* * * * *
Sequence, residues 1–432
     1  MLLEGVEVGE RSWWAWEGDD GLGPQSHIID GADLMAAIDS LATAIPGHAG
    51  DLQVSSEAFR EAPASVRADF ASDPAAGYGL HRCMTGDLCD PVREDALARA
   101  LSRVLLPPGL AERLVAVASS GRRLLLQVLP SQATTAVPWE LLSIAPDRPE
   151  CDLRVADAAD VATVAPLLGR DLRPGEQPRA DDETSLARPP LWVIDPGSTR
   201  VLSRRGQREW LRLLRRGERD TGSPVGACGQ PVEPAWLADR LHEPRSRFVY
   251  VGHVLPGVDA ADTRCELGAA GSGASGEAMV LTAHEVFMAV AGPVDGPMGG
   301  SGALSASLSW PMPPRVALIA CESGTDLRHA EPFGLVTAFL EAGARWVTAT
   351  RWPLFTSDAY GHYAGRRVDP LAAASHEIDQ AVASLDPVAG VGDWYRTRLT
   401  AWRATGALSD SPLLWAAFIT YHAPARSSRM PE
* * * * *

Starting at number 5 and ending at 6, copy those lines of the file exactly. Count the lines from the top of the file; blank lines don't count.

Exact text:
   151  CDLRVADAAD VATVAPLLGR DLRPGEQPRA DDETSLARPP LWVIDPGSTR
   201  VLSRRGQREW LRLLRRGERD TGSPVGACGQ PVEPAWLADR LHEPRSRFVY